Umlaut Setup

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Umlaut First-Time Setup and Configuration

In all these instructions $Umlaut in a path stands for the location you have installed Umlaut.

1. Create Local Config Directories

To create directories for your local config, cd into your Umlaut directory, and run:

rake umlaut_lcl:generate

This will create several directories including the one we care about now: $Umlaut/config/umlaut_config/

Explanation: In a normal Rails app, your local config goes in places like config/environment.rb and config/database.yml. But Umlaut config/environment.rb has Umlaut application fixed settings in it, mixing in your local settings would be confusing. Plus, that config directory is in the Umlaut overall SVN, you might want to SVN control your local config seperately.
Therefore we have an architecture to put all local config (and other local customization) in seperate local directories. The goal is that you should never have to edit any of the files that came with the Umlaut distribution to make local customizations, you should always be able to do this through local config. To learn more about this architecture, and how to put your local config in your own local svn, see [Main.Local Configuration Architecture].

2. Configure your database connection information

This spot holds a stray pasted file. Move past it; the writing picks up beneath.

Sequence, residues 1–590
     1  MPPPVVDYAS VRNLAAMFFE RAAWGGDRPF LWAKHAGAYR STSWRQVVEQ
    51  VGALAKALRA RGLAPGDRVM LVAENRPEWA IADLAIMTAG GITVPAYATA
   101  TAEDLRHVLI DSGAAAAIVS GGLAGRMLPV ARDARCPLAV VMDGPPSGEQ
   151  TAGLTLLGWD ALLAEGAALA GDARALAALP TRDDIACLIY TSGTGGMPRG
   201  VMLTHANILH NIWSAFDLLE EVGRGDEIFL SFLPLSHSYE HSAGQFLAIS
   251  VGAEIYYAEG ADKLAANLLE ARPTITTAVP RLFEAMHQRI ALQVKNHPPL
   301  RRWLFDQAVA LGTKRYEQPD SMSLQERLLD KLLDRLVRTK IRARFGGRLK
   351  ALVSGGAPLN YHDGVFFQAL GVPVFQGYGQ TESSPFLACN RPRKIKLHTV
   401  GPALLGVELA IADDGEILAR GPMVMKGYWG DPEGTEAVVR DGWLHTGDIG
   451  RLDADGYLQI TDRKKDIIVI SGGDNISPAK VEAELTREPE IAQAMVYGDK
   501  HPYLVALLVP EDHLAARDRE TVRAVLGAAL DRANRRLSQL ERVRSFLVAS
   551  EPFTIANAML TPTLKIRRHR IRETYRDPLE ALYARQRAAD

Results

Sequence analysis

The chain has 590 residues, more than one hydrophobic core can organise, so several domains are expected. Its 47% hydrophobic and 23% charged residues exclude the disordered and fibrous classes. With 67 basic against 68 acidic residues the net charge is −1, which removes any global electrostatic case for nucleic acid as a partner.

A typical Rails app uses three databases: a production db, a development db, and a test db. At a minimum you need a production db. A development db is probably also neccessary--Umlaut doesn't use tests right now (we are ashamed), so you don't really need a test db.

In Umlaut (a little bit different than standard Rails), your local connection information for your dbs is stored in $Umlaut/config/umlaut_config/database.yml. There should already be an example file there with some hints in it.

We reccommend MySQL for use with Umlaut. ( SQLite3 won't work, unless you figure out a way to compile it with concurrency support). Create your databases in MySQL. We recommend making sure they are set to UTF8 char encoding. (eg, (CREATE DATABASE 'Name' DATABASE DEFAULT CHARACTER SET utf8). Don't create any tables in your databases yet, that will be done automatically. Do fill out your umlaut_config/database.yml file to point at the right place.

For some functions Umlaut can take advantage of a direct db connection to your SFX instance. We reccommend this for maximum functionality, but it's not required. If you have control of your SFX instance and would like to enable this, you should use the MySQL utility to create a new user in the SFX MySQL instance, which is granted only select permissions to the SFX databases. Then, you can fill out your SFX direct to db connection information in config/umlaut_config/database.yml. If you can't do this, or don't want to do this now, Umlaut should still (mostly) work.

3. Create your database tables

Once your dbs are configured in database.yml, you can have Rails create all the neccesary tables for you by running:

rake db:migrate

That will create tables in your development database. To create them in your production database too: